The way you communicate with your team will be up to you, whether you are a very vocal guy, always shouting/congratulating/instructing people or if you are quite but pick your words very carefully. There is no correct way to do this as there are different approaches, the important thing is to make sure that you make the approach you use work for you. If you are a shouty guy, make sure you aren't only shouting when someone makes a mistake. If someone is careless/dangerous/disrespecful, feel free to shout, but if someone does something good, makes a good play, helps someone out, sacrifices their body to make a play, be sure you use your voice to show that it is appreciated and that although you may shout, its a two way thing and it is your teammates efforts that determine if you are happy or angry when you shout.

Hopefully the above is of some use to you, if you want any more info or want anything clarifying, please ask. Hopefully someone with a bit more experience of being a captain in a more competitve environment will reply to your post as that isn't something that i'm overly familiar with. There isn't really any competition for places on my team, we are glad for every player we get and we dont play lots of games so i'm sure someone out there will have more advice on that aspect of captaincy. When we do play games, I try to play hard and play to my strengths and motivate everyone to either step it up or remain calm out there. Like you, i play a more finesse style of hockey so I look to try and make plays happen. My teammates know that is where my abilities are and that if someone is in front of our keeper, chances are i am not strong enough to move them. If i can take a hit to make a play or throw myself in front of a shot, I'll help in that way, but if the team understands everyones abilities and shortcomings then they are able to recognise if there could be a problem during play then they will be able to decide how best to compensate out there. And when a group of players can do that, they can play as a team. And if everyone plays as a team then it makes the job of a captain a little bit easier.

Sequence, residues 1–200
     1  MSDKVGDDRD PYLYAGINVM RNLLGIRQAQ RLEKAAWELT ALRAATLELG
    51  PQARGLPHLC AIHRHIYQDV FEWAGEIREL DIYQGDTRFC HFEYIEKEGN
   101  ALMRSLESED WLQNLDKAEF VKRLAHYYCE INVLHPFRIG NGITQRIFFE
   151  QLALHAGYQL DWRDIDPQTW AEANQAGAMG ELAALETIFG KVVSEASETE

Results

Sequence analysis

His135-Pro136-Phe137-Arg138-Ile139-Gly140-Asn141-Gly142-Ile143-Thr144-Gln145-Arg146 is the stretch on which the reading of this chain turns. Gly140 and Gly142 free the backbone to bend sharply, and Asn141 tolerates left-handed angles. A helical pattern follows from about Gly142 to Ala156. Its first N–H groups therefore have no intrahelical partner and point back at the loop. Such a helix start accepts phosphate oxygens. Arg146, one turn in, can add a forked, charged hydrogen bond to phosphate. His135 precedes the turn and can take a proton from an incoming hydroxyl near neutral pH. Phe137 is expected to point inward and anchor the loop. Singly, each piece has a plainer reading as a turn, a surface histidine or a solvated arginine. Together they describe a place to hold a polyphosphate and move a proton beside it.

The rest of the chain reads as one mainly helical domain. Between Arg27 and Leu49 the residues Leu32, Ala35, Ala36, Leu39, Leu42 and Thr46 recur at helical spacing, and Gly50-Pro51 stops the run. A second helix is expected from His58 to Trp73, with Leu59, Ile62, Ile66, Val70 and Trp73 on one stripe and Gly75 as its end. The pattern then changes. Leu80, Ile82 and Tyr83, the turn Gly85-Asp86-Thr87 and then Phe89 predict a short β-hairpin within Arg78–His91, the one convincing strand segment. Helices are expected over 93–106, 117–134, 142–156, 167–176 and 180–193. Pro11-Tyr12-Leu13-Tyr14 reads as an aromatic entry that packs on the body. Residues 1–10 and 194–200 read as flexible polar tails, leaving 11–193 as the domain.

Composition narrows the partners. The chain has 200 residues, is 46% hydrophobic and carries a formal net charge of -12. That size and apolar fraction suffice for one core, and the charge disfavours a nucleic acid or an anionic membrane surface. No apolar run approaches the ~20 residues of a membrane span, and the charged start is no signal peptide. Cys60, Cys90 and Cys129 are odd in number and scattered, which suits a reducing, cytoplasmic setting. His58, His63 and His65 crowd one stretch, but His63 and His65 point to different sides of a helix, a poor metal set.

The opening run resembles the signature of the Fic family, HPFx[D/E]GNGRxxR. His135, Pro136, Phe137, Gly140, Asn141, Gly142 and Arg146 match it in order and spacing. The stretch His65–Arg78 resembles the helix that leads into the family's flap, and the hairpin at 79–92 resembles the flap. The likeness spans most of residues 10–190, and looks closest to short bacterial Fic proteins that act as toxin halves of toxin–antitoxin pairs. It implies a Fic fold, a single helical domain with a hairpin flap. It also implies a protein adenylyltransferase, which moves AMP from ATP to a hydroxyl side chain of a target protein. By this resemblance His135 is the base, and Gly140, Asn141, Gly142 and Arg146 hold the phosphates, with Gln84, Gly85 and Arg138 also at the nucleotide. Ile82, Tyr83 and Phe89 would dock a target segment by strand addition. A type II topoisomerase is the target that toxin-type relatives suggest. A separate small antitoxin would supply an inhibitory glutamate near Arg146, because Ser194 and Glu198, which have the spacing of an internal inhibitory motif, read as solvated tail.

Last edited by Qui Gon Dave: 02-25-2006 at 01:13 PM.
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Old
02-25-2006, 07:37 PM
  #3
Sixty Six
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don't change much if anything at all, you were voted because of what you have done already, be yourself that is what got you the captaincy to begin with.

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02-25-2006, 07:50 PM
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hockeyfan125
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try and establish a good relationship with each individual player on the team.

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02-25-2006, 09:03 PM
  #5
DisgruntledHawkFan
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Just work hard. Lead by example eh?

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02-25-2006, 10:00 PM
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luke34e
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A good captain brings a tireless work ethic day in and day out on and off the ice. They also must bring a very positive attitude to keep the team from getting down on themselves.

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02-26-2006, 09:58 PM
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Jacob
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Just remember that the letter doesn't give you the okay to tell people what to do.

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02-26-2006, 10:32 PM
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NYR94